Predicting economic activity is important for numerous reasons. It is important for business firms because it aids in deciding how much capacity will be needed to meet future demand. It is important for various government agencies when forecasting budgetary surpluses or deficits. And it is important for the Federal Reserve (the Fed) in deciding the stance of current monetary policy. One set of variables that are potentially useful in forecasting economic activity are financial variables.
Financial market participants are forward-looking, and as a result the prices of various securities embody expectations of future economic activity. This pricing behavior implies that data from financial markets may reasonably be expected to help forecast the growth rate of the economy. Using financial variables to aid in economic projections, therefore, is fairly commonplace. In particular, the yield curve spread between long- and short-term interest rates has received a lot of recent attention. Although not the first to consider the implications that the spread has for predicting economic activity, Stock and Watson (1989) provided much of the impetus for further research by finding that the spread was an important component of their newly constructed index of leading economic indicators. Estrella and Hardouvelis (1991) also thoroughly document the significant relationship between interest rate spreads and future output growth.
Unfortunately, one of the spread's major predictive failures occurred immediately after the publication of these influential articles. Namely, the spread failed to predict the 1990-91 recession. In light of that occurrence, a number of papers reinvestigated the spread's predictive content. Among these are the works of Estrella and Mishkin (1997, 1998), Haubrich and Dombrosky (1996), Plosser and Rouwenhorst (1994), and Dueker (1997). These studies mainly concluded that the spread still contains significant information for predicting economic activity.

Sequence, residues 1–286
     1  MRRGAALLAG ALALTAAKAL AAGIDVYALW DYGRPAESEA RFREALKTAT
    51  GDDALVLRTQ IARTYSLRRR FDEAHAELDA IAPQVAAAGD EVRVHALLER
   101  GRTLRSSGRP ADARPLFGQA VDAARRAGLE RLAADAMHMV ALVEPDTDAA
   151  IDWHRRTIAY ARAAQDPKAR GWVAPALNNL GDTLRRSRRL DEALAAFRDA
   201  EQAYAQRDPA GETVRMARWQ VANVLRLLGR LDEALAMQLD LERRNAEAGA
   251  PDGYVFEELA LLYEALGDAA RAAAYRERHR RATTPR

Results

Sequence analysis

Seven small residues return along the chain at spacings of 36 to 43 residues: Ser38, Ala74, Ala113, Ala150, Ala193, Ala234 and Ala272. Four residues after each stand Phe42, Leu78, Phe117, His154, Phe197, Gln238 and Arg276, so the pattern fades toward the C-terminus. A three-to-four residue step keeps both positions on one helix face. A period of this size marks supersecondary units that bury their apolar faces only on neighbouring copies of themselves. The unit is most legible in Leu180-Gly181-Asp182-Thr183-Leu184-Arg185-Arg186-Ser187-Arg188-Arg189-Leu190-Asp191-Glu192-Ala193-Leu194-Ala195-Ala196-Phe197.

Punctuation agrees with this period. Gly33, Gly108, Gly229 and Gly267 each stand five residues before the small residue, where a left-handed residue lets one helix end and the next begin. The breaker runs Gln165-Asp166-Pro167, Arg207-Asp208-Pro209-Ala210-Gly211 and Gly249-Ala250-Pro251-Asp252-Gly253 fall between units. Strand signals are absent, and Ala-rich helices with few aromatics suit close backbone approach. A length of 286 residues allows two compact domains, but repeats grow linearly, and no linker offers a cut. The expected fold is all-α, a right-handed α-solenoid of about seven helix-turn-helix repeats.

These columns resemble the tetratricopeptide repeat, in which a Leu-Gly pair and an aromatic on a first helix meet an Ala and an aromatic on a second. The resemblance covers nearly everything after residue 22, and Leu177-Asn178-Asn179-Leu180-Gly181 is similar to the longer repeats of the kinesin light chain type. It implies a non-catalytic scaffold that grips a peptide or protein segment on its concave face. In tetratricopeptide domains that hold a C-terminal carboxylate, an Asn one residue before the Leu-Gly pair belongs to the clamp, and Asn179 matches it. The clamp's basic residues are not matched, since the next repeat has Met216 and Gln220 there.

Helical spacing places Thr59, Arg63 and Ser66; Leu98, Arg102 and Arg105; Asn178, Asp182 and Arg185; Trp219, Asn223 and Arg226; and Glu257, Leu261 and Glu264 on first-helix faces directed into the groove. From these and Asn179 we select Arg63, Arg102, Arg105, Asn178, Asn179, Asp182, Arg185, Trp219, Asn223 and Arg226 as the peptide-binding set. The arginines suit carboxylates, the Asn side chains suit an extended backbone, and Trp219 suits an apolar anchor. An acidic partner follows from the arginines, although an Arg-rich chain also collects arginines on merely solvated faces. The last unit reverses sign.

This article reinforces the view that the spread is generally a useful variable in predicting future growth in real GDP but also indicates that it has become less useful in recent years. In particular, the recent accuracy of the spread's prediction of GDP growth, both in-sample and out-of-sample, is less precise than over earlier sample periods. In fact, adding the spread to a VAR containing lagged output growth and short-term interest rates increases the root mean squared error of the out-of-sample forecast errors over the period 1985 to 1997.
After briefly reviewing relevant literature, I informally characterize the joint behavior of output growth and the spread. From this characterization it is clear that there is a relationship between the two variables, although that relationship is far from perfect. I then attempt to expand on the existing literature by analyzing the predictive content of the spread along a number of new dimensions. In particular, I examine whether there are nonlinearities in the relationship and whether the predictive content of the spread is closely associated with the stance of monetary policy. Further, the results here indicate the important differences between evaluations based on in-sample versus outof-sample predictive power. Presumably, it is the latter that is most relevant for judging the ability to forecast.
1. RELATED LITERATURE
There is a wide and growing literature that examines the term structure of interest rates' predictive content for economic activity. The review given here is selective and focuses on articles that significantly influenced the statistical tests carried out later in this article.1 One of the most influential studies is that of Stock and Watson (1989), which systematically attempts to construct a new index of leading economic indicators. Their approach is to examine combinations of 55 various macroeconomic variables and select the combination that best predicts future economic activity. …